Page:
(Eric Morath & Josh Zumbrun – Wall Street Journal)
The U.S. current-account deficit, a measure of the nation’s trade and financial flows with other countries, widened to a 10-year high in the third quarter, as exports fell and imports continued to rise.
The report also showed that a surge of companies repatriating their foreign earnings, which had been prompted by last year’s tax-code changes, has faded.
The overall current-account deficit climbed to a seasonally adjusted $124.82 billion in the third quarter from a revised $101.22 billion in the second quarter, the Commerce Department said Wednesday. Economists surveyed by The Wall Street Journal had expected a $126.2 billion deficit. Click here to read more.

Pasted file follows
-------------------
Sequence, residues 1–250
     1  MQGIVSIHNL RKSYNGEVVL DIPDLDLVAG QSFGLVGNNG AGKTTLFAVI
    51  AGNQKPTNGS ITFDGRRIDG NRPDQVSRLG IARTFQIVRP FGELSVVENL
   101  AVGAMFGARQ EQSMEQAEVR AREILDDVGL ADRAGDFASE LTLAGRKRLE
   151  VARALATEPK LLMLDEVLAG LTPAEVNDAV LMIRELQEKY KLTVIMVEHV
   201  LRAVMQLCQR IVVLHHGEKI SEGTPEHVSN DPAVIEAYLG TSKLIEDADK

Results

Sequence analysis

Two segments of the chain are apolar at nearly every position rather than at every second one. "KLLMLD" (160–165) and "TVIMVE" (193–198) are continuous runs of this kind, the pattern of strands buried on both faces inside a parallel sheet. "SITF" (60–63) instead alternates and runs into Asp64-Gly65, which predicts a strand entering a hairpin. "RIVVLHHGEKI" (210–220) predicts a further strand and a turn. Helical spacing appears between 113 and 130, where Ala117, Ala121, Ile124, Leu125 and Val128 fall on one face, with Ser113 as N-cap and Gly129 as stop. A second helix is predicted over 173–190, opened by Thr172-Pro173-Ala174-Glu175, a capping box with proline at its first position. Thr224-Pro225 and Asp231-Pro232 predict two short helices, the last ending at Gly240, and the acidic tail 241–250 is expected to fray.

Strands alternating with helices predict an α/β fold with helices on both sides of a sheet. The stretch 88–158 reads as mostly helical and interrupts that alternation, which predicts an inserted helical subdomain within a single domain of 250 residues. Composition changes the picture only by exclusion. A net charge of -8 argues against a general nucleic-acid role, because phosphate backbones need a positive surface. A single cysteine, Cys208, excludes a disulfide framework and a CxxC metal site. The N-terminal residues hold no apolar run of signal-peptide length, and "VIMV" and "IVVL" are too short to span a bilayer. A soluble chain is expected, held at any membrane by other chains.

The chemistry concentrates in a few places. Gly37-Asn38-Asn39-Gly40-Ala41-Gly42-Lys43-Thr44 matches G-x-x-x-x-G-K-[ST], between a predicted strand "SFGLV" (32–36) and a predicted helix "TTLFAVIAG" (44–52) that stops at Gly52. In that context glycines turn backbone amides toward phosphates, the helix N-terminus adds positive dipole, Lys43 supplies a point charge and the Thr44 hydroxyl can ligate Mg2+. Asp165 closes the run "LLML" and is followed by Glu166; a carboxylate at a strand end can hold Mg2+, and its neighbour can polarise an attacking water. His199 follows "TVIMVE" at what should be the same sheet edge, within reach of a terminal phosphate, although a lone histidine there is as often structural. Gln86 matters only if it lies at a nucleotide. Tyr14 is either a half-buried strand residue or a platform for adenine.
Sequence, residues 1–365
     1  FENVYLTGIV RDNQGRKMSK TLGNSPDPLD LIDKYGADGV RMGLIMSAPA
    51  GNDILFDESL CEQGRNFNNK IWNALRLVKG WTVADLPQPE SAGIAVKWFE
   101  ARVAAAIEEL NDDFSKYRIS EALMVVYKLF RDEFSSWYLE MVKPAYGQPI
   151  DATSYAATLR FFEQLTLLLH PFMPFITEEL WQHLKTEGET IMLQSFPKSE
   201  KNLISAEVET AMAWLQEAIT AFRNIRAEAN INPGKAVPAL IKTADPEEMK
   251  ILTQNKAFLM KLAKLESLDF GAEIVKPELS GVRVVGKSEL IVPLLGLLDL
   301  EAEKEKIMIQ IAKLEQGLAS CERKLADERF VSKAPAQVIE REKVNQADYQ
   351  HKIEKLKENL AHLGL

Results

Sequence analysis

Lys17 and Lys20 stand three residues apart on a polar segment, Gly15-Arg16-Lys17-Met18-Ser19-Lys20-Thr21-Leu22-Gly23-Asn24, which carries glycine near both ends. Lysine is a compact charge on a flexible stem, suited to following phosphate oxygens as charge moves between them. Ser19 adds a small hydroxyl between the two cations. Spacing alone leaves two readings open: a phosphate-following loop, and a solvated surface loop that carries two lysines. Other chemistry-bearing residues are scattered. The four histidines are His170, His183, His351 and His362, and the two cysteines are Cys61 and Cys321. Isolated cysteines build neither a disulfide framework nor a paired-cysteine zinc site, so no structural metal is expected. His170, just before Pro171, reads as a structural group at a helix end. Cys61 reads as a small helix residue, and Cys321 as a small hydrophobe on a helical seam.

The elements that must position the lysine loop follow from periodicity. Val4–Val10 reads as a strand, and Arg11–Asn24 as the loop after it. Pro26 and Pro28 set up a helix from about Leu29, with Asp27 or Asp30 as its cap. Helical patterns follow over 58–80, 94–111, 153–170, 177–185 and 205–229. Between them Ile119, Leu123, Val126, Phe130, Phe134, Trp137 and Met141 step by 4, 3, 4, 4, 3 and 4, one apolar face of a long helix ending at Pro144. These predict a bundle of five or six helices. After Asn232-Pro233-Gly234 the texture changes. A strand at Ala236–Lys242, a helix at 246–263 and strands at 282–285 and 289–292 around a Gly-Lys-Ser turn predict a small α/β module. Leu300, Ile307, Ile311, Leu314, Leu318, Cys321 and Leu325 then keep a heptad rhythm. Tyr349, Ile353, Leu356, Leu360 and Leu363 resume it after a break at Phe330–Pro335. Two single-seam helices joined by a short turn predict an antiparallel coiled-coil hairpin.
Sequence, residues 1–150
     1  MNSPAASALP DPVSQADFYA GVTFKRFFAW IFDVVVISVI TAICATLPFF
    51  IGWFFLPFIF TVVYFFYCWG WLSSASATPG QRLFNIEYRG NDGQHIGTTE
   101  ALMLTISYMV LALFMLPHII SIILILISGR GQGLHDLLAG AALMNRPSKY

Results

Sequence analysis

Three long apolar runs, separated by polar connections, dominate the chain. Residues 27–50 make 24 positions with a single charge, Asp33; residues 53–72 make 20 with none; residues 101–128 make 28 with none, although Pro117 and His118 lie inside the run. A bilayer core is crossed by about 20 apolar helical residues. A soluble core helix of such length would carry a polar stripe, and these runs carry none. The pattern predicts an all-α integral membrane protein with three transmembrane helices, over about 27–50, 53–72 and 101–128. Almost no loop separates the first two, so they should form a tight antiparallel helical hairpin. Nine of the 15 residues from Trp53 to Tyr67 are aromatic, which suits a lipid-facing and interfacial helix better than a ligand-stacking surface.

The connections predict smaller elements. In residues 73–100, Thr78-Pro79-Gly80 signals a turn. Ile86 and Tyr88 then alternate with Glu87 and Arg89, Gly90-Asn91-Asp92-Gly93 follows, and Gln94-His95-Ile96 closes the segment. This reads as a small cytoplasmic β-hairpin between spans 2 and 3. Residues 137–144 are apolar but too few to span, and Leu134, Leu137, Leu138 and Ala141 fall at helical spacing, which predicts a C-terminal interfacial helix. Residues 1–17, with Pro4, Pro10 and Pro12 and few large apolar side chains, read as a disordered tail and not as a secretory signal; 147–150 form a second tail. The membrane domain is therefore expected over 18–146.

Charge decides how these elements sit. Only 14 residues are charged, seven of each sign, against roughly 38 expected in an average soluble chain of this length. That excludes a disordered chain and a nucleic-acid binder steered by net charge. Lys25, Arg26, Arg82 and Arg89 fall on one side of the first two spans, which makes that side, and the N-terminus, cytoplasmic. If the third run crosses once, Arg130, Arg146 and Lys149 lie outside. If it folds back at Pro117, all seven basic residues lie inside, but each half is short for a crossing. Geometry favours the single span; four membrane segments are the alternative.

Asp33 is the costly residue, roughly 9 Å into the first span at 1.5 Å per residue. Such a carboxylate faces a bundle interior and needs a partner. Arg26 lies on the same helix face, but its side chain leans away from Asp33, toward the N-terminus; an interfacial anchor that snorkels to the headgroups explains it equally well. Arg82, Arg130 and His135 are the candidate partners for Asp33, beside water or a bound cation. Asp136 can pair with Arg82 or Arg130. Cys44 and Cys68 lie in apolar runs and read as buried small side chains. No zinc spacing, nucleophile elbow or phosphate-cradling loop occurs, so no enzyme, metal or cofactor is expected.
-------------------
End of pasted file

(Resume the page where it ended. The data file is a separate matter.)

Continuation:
- U.S. International Transactions – Third Quarter 2018 (BEA)
- U.S. Current Account Deficit Widens to $124.8 billion in Q3 as Imports Surge (MarketWatch)
- U.S. Current Account Widens; Companies Bring Home Piles of Cash (Reuters)